NEW YORK, April 12 (Reuters) - Lawyers for the passenger dragged from a United Airlines plane in Chicago filed an emergency request with an Illinois state court on Wednesday to require the carrier to preserve video recordings and other evidence related to the incident.
Citing the risk of “serious prejudice” to their client, Dr. David Dao, the lawyers want United and the City of Chicago, which runs O’Hare International Airport, to preserve surveillance videos, cockpit voice recordings, passenger and crew lists, and other materials related to United Flight 3411.
The filing with the Cook County Circuit Court likely presages an eventual lawsuit against United for the April 9 incident, where Dao was snatched from the seat he had paid for, and was dragged by his hands on his back off the parked plane, which had been bound for Louisville, Kentucky.
United Chief Executive Officer Oscar Munoz on Wednesday issued Dao an apology and said the company would no longer use law enforcement officers to remove passengers from overbooked flights after global outrage erupted over the way Dao had been treated by airline and airport security staff.
Munoz said United would be examining its incentive program for volunteers on overbooked planes.
The Chicago Department of Aviation said on Wednesday two additional officers involved in the incident were placed on administrative leave.
The Sunday evening incident caused a furor around the world as video recorded by fellow passengers showed airport security officers yanking Dr. David Dao from his seat aboard the flight.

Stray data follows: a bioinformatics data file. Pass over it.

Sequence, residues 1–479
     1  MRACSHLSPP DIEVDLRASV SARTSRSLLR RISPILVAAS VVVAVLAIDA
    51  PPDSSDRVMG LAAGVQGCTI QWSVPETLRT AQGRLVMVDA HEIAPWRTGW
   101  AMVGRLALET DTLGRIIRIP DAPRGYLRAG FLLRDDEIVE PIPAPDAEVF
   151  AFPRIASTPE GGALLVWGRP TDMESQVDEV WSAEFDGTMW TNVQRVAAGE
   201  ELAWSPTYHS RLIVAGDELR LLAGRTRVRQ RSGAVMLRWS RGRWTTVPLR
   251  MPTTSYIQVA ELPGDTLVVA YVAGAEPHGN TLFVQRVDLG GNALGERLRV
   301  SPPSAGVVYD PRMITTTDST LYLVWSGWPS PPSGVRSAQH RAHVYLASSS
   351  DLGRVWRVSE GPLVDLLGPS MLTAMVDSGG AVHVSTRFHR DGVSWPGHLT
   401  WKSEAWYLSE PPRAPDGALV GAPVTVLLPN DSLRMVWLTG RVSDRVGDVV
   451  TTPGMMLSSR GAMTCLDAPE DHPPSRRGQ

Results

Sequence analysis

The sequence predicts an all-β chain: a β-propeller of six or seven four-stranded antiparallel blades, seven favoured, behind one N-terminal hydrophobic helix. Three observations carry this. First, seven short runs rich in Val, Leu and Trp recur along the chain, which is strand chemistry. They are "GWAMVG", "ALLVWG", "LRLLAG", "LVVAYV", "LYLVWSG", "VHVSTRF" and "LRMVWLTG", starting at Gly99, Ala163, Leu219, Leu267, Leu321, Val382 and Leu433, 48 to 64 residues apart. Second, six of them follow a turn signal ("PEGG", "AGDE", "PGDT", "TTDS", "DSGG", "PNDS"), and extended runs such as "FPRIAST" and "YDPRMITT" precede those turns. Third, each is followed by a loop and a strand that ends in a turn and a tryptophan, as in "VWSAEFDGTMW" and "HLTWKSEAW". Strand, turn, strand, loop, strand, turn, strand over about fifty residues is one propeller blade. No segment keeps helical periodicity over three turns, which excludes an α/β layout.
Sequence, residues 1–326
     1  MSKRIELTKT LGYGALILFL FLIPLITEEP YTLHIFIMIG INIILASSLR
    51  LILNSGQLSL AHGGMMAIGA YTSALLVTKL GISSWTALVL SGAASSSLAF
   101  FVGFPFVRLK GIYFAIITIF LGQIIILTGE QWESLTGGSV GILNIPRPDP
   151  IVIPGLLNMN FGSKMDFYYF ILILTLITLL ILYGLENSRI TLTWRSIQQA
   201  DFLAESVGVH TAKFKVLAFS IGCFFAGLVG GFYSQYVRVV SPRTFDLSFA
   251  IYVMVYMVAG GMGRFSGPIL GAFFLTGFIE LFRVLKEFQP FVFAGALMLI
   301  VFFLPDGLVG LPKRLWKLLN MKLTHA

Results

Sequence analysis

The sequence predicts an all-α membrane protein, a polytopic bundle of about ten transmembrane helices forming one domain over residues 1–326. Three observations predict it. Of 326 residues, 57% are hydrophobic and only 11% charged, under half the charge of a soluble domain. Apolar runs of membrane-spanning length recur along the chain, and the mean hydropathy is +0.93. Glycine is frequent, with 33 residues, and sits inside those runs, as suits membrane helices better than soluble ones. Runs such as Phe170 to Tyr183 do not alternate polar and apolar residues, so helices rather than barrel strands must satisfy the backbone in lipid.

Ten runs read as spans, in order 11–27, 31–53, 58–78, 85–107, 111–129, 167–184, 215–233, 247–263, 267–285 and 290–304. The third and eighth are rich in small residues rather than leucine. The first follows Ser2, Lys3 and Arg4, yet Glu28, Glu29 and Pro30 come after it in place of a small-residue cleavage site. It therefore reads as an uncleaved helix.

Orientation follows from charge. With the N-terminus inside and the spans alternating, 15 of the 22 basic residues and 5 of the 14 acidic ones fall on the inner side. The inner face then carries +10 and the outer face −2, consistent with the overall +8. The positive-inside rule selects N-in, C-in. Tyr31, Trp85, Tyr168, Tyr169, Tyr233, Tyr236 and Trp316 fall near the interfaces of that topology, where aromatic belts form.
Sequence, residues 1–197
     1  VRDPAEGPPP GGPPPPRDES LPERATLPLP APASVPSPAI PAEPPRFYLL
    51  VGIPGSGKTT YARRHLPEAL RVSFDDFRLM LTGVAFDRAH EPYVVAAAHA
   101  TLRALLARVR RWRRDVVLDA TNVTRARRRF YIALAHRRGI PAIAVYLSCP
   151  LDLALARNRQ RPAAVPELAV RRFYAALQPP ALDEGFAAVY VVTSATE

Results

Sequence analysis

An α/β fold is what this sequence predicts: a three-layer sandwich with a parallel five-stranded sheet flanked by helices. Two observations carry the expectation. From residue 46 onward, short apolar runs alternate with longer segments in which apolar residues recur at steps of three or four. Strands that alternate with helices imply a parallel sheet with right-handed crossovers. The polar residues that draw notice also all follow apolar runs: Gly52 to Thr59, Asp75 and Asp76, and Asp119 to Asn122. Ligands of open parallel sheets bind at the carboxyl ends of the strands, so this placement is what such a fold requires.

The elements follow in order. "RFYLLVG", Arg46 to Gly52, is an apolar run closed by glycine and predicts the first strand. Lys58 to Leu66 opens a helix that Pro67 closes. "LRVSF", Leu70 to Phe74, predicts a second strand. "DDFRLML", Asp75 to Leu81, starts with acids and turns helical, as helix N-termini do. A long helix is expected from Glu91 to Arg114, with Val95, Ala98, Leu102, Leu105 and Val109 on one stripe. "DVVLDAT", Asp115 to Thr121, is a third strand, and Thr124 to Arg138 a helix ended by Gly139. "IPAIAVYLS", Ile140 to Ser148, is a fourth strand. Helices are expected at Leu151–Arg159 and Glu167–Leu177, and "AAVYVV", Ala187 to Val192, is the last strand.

Much of the uproar stemmed from Dao’s status as a paying passenger who was being removed to make room for additional crew members on the overbooked flight.
On Capitol Hill, powerful Republican and Democratic lawmakers denounced how Dao was treated and called for United to explain the situation.
On Wednesday, U.S. Senator Chris Van Hollen, a Maryland Democrat, announced plans for the Customers Not Cargo Act, which would prohibit the forcible removal of passengers already aboard an aircraft “due to overbooking or airline staff seeking to fly as passengers.”
Two online petitions calling for Munoz to step down as CEO had more than 124,000 signatures combined by Wednesday afternoon, but he told ABC that he had no plans to resign over the incident.
Shares of United Continental closed 1.1 percent lower at $69.93. They fell as much as 4.4 percent on Tuesday.
The backlash from the incident resonated around the world, with social media users in the United States, China and Vietnam calling for boycotts of the No. 3 U.S. carrier by passenger traffic and an end to the practice of overbooking flights.
Delta Air Lines Inc CEO Ed Bastian defended overbooking as “a valid business practice” that does not require additional oversight by the government.
“It’s not a question, in my opinion, as to whether you overbook,” Bastian said on a Wednesday earnings call. “It’s how you manage an overbook situation.”
As of Tuesday, Dao was still in a Chicago hospital recovering from his injuries, his lawyer said.
Footage from the incident shows Dao, bloodied and disheveled, returning to the cabin and repeating: “Just kill me. Kill me,” and “I have to go home.”
In the ABC interview, Munoz apologized profusely to Dao, his family, passengers and United customers.
“This can never, will never happen again,” he said.
(Reporting by Alana Wise in New York; Additional reporting by David Shepardson in Washington, and Jonathan Stempel in New York; Editing by Lisa Von Ahn and Richard Chang)